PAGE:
Stanley McGinity was barred from working at a dependent-care site.
For at least three years, a Des Moines veterans hospital employed a registered sex offender who was legally barred from working there.
The worker was one of at least two sex offenders working at the hospital this past summer. One of the men, Stanley McGinity, 46, of Knoxville, has two convictions for lascivious acts with a child dating back to 2007.
In 2010, McGinity applied for a job at the Des Moines hospital run by VA Central Iowa Health Care System.
He disclosed his past convictions on his written application, along with his 20 years of service in the National Guard. He was then hired as a housekeeping aide.
“I’m a veteran, and so when I applied for the job they said everything should be OK, and then they hired me,” McGinity told The Des Moines Register.
After 36 months on the job, he was fired in September when hospital administrators learned that as an Iowa sex offender McGinity couldn’t legally work at a care facility for dependent adults. His parole officer informed him that if he showed up again for work, he’d be arrested.
At McGinity’s recent unemployment benefits hearing, Greg Smith, the hospital’s human resources director, testified that until this summer he hadn’t known of the state law that bars some sex offenders from working at the facility.
“He was the first person like this I had ever hired, so I wasn’t familiar with those kinds of restrictions or that they even existed,” Smith testified.
He said that in June or July, the hospital had some unspecified “issues” with another sex offender who worked for VA Central Iowa Health Care System. He said that prompted him to contact McGinity’s parole officer, who told him of the work restrictions on sex offenders.
During a contentious exchange with Administrative Law Judge Teresa Hillary, Smith faulted McGinity for failing to disclose his employment restrictions.
“When you find out that someone you are potentially going to hire has a conviction for sex offending, don’t you think it’s your job to go through and see if they are eligible to work at your facility?” Hillary asked.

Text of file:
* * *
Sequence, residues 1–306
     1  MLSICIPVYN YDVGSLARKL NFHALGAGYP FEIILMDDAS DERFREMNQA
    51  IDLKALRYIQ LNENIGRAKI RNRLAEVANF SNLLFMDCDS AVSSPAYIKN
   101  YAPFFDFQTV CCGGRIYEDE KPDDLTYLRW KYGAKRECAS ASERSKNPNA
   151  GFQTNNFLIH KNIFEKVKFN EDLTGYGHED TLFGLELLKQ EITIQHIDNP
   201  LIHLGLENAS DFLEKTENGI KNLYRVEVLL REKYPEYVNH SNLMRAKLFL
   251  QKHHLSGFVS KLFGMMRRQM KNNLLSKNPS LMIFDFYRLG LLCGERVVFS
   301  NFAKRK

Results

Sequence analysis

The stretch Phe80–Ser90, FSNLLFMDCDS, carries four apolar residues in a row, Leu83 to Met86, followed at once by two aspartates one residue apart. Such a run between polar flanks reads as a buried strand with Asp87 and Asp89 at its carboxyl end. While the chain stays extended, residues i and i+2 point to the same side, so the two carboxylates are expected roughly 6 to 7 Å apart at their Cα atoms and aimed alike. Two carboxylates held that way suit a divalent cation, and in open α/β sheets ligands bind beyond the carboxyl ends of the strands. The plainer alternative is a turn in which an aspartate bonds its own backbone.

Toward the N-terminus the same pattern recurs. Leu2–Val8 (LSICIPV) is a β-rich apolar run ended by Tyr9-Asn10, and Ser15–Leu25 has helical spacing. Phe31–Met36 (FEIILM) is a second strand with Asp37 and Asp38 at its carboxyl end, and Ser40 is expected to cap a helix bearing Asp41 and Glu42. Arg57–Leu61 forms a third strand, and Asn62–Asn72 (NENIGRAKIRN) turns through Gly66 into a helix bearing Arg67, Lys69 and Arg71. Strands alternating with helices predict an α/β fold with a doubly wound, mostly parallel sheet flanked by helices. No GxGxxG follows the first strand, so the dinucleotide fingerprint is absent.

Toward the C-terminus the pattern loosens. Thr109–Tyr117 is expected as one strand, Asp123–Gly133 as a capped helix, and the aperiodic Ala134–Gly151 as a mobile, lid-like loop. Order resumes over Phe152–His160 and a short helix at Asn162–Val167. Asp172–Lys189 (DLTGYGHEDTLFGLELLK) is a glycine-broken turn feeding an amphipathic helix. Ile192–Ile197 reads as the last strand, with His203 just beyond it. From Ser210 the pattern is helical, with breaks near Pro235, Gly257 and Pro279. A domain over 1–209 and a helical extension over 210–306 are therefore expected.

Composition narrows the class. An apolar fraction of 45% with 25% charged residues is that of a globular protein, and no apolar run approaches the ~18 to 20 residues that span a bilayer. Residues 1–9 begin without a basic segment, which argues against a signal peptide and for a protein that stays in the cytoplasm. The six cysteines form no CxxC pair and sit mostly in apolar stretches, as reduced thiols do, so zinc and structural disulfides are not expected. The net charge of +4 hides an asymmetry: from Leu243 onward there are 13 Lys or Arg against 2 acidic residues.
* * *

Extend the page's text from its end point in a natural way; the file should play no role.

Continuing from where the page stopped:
“That’s why I called his parole officer at that time, and he didn’t reveal that to me, either,” Smith testified.
“Well, how come you didn’t go find it out?” Hillary asked.
“I don’t have an answer for that,” Smith said.
As part of the hearing, McGinity submitted documents in which he said the hospital, the PolkCounty sheriff’s office and 5th Judicial District Department of Correctional Services were all aware of his employment at the hospital and it had never been an issue. He said his two parole officers — Troy Jones and Sara Nelson — also knew where he worked and never made an issue of it.
Dwayne Rider, public affairs officer for the hospital, did not respond when asked about the other sex offender Smith referred to in his testimony and the number of sex offenders, if any, currently working at the hospital. When asked about the hospital’s job-applicant background checks, he referred the Register to the website of the U.S. Office of Personnel Management.
Judge Hillary rejected McGinity’s claim for unemployment benefits, saying it was his responsibility to inform his employer of the work restrictions and it was not the Department of Veterans Affairs’ “responsibility to catch him.”
McGinity said he plans to appeal that decision to the Iowa Employment Appeals Board.